Investors in crypto exchange FTX have reportedly aimed at the financial firms who promoted the platform, alleging that their efforts lent a false sense of legitimacy to the now-collapsed exchange.
Investors have filed a class-action lawsuit against venture capital firm Sequoia Capital and private equity entities Thoma Bravo and Paradigm for promoting the legitimacy of the now-bankrupt crypto exchange FTX.
The lawsuit filed on Feb. 14 alleges that the defendants participated in promotional marketing campaigns in 2021 to highlight their investments worth several hundred million dollars across FTX entities, thereby lending the exchange an “air of legitimacy.”
The lawsuit accuses the firms of violating several state and federal laws, including false advertising, misrepresentation, and civil conspiracy. According to the report, “each was incentivized to leverage their professional reputations and media outreach capabilities to portray FTX as a trustworthy and legitimate crypto exchange.”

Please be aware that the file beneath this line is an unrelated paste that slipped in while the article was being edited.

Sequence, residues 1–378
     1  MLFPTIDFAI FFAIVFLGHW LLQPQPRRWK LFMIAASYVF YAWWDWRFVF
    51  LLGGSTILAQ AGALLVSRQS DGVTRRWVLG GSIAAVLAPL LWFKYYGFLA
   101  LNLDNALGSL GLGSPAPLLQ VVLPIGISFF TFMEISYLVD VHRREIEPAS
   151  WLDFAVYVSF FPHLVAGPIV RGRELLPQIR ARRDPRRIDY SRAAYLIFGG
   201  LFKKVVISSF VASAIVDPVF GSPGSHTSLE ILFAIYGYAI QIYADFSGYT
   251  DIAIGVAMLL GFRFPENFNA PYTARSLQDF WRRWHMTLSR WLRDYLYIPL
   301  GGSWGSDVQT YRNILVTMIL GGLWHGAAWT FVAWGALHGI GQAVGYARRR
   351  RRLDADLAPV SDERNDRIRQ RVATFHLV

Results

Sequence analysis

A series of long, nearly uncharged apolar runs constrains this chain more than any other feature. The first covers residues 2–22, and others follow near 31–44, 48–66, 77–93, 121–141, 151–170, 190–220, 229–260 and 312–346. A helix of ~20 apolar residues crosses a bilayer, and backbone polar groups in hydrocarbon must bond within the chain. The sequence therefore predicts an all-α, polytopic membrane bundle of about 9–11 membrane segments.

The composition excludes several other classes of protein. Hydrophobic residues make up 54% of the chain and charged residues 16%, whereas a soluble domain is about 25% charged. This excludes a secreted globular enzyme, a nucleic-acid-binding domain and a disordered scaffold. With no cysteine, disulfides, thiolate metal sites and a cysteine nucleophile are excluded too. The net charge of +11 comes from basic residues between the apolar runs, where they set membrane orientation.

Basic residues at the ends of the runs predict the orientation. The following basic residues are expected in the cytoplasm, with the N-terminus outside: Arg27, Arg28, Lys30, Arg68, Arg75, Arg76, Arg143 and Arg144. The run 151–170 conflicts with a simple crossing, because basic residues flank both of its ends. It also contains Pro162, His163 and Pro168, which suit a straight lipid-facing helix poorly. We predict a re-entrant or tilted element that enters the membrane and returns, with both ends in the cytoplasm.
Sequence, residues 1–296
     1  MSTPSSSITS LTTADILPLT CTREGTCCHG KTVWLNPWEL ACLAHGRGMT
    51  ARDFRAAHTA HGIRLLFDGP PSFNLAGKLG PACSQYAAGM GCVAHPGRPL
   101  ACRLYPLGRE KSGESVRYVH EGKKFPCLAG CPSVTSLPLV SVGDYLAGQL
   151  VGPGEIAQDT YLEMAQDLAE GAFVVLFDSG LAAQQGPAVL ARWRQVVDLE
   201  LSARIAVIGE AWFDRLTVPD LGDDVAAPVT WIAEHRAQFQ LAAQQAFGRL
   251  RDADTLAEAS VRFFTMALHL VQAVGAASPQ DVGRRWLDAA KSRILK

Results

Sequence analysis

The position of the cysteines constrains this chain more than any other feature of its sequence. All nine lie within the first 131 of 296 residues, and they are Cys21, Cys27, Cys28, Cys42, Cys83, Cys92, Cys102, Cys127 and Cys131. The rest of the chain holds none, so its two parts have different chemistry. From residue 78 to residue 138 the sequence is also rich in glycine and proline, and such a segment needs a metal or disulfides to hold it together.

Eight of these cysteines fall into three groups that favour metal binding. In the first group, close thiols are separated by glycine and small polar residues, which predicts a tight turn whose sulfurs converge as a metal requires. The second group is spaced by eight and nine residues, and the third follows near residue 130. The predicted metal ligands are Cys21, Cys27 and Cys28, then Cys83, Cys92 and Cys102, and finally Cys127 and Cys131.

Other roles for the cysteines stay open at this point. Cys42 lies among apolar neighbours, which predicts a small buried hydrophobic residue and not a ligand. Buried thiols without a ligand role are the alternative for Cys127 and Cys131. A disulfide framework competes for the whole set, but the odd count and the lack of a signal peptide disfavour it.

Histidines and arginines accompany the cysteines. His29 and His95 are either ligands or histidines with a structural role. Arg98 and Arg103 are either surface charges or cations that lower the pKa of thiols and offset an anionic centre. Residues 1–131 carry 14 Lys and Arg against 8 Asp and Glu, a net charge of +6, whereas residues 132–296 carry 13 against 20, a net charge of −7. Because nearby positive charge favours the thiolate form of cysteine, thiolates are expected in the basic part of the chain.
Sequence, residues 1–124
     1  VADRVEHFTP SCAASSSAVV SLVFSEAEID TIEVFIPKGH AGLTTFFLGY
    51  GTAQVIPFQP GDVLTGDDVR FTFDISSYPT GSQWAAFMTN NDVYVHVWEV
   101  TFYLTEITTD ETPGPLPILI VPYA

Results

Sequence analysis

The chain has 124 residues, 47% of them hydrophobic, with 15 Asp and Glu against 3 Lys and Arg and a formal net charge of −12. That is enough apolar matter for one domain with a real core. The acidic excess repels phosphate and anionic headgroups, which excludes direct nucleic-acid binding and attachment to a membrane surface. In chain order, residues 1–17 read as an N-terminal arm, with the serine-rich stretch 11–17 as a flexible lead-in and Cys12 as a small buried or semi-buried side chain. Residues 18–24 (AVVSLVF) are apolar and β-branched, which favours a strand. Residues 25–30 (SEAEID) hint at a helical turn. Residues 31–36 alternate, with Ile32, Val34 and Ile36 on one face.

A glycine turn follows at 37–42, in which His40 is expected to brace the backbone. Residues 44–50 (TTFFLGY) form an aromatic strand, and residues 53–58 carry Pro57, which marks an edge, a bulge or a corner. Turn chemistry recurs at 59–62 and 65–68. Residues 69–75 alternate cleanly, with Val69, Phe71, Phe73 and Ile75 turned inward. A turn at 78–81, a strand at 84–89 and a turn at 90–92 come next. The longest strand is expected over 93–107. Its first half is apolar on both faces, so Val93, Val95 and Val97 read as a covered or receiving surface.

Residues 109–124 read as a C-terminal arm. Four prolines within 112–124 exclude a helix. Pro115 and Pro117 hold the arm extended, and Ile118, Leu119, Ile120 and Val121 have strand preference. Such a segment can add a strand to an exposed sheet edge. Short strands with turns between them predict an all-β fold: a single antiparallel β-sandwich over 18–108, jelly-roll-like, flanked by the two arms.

VC firms have come under fire for investing massive sums in FTX, even at the high valuations in 2021. Before its collapse, the crypto exchange had a valuation of $32 billion.
In particular, Sequoia Capital has been criticized for continuing to back Sam Bankman-Fried, the founder of FTX, even as he reportedly played games during investor meetings.
The VC giant also wrote a 14,000-word profile for Bankman-Fried titled “Sam Bankman-Fried Has a Savior Complex – And Maybe You Should Too.”
Sequoia Capital writes off FTX losses
Sequoia Capital wrote off its $150 million investment in FTX shortly after the exchange filed for bankruptcy. The firm noted in a message to investors that it had conducted significant due diligence on FTX’s operations.
The new team appointed at FTX is working to recover investors’ funds, and they have so far recovered about $5.5 billion.
The fallout of the FTX collapse has left deep scars on the investor community, with more lawsuits likely to follow.